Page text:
UNM WR 573: Field Methods Fall 2021

Owners: This resource does not have an owner who is an active HydroShare user. Contact CUAHSI (help@cuahsi.org) for information on this resource.
Type: Collection
Storage: The size of this collection is 0 bytes
Created: Nov 16, 2021 at 4:28 a.m.
Last updated: Dec 01, 2021 at 11:04 p.m.
DOI: 10.4211/hs.6bc577cabe0341398f78d976e23f51c7
Citation: See how to cite this resource
Sharing Status: Published
Views: 856
Downloads: 18
+1 Votes: Be the first one to 
Comments: No comments (yet)


The hydrology, chemistry, and biology of a stream are strongly interconnected, and must all be considered when assessing the overall state of a water body. In this investigation, we seek to answer the following research question:

What are the differences in water quality and quantity between a rural headwater stream and an urban main-stem river?

For our investigation, we measured, analyzed, and compared water quality and quantity characteristics in a rural headwater stream (Las Huertas Creek, abbreviated as LH) and an urban main-stem river (The Rio Grande, abbreviated as RG) located near and in Albuquerque, New Mexico. At each of our two locations, we measured water quality and quantity at a downstream site (abbreviated as D), a midstream site (abbreviated as M), and an upstream site (abbreviated as U) for a total of six sites in our study. We defined these areas as the location abbreviation followed by the site abbreviation; for example, the Las Huertas Downstream site was defined as LH_D while the Rio Grande Upstream site was defined as RG_U.

To answer our research question, we measured hydrologic, chemical, and biological parameters at each of our six sites. For hydrology, we measured discharge and soil hydraulic conductivity; for chemistry, we measured temperature, specific conductivity, conductivity, total dissolved solids, salinity, dissolved oxygen, pH, turbidity, alkalinity, anions, and cations; for biology, we measured chlorophyll a, benthic macroinvertebrates, organic matter, and riparian vegetation. Below is a description of our study locations and our parameter methods followed by parameter results and a discussion.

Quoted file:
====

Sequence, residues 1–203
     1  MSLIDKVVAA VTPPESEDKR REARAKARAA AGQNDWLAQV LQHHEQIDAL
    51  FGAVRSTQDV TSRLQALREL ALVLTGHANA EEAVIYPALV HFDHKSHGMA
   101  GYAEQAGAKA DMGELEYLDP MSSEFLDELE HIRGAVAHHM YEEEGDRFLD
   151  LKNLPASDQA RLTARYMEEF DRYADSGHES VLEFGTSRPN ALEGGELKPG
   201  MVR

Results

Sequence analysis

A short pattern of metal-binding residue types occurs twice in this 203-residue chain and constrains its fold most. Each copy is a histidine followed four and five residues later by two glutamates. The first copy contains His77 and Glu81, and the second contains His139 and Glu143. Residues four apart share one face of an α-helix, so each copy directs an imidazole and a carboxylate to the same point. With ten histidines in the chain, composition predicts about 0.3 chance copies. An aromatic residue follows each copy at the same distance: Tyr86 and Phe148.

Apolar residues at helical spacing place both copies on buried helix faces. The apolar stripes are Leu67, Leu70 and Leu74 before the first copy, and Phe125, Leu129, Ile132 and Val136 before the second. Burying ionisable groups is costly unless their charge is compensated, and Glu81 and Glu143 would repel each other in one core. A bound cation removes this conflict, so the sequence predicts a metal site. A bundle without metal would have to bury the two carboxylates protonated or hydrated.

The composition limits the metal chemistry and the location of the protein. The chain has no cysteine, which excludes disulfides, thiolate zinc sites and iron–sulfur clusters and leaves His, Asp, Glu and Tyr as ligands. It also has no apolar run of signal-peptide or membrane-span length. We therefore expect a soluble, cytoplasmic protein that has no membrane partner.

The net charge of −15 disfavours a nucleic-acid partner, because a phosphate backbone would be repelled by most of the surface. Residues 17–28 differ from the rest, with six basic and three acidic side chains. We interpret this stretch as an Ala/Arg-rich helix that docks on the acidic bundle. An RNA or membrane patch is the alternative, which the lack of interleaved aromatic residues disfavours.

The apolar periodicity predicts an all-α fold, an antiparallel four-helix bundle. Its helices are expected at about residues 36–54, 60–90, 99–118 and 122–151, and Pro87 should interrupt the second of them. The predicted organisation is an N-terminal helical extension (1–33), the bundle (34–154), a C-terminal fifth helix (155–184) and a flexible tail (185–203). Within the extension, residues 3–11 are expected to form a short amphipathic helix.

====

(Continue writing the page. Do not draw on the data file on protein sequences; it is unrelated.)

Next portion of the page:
Subject Keywords



Coordinate System/Geographic Projection:
WGS84 EPSG:4326
Coordinate Units:
['Decimal degrees']
North Latitude
East Longitude
South Latitude
West Longitude


Start Date:
End Date:

Collection Contents

Add Title Type Owners Sharing Status Remove
UNM WR 573 Fall 2021 - Las Huertas data Resource Wesley Noe Published & Shareable
UNM WR 573 Fall 2021 - Rio Grande data Resource Wesley Noe Published & Shareable

Learn more about the BagIt download



People or Organizations that contributed technically, materially, financially, or provided general support for the creation of the resource's content but are not considered authors.

Name Organization Address Phone Author Identifiers
Brennan Davis University of New Mexico New Mexico (NM), US
Ryan Webb University of New Mexico New Mexico, US
Mollie Hanttula UNM New Mexico, US
Christopher Traft University of New Mexico NM, US
Annalise Porter University of New Mexico New Mexico, US
Lindsey Rotche University of New Mexico NM, US
Natalie Gayoso University of New Mexico NM, US
Kambray Townsend University of New Mexico New Mexico, US
Becky Bixby University of New Mexico New Mexico, US

How to Cite

Noe, W., K. Townsend, B. Davis, C. Traft, L. Rotche, N. Gayoso, A. Porter, M. Hanttula, B. Bixby, R. Webb (2021). UNM WR 573: Field Methods Fall 2021, HydroShare, https://doi.org/10.4211/hs.6bc577cabe0341398f78d976e23f51c7

This resource is shared under the Creative Commons Attribution CC BY.



There are currently no comments

New Comment